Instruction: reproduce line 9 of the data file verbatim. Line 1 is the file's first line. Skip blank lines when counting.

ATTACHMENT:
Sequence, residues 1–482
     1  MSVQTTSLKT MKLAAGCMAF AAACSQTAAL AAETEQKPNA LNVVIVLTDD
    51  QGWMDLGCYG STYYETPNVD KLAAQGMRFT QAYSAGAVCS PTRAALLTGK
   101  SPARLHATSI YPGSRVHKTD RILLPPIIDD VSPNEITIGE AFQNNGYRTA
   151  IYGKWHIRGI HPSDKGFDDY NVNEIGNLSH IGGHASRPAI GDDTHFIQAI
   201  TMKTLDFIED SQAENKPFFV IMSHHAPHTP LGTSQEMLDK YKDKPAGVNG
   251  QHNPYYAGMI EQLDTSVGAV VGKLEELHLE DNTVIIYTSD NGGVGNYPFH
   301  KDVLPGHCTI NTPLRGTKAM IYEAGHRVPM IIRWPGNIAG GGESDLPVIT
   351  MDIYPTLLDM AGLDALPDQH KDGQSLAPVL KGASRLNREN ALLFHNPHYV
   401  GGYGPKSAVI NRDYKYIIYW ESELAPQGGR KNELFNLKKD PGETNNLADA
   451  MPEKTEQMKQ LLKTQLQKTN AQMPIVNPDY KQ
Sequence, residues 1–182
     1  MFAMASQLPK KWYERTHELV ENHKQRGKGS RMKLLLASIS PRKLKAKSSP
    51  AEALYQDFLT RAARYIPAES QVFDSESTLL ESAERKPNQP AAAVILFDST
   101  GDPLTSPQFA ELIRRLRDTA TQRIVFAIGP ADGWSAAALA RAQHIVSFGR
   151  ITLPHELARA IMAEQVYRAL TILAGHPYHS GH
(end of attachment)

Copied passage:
   351  MDIYPTLLDM AGLDALPDQH KDGQSLAPVL KGASRLNREN ALLFHNPHYV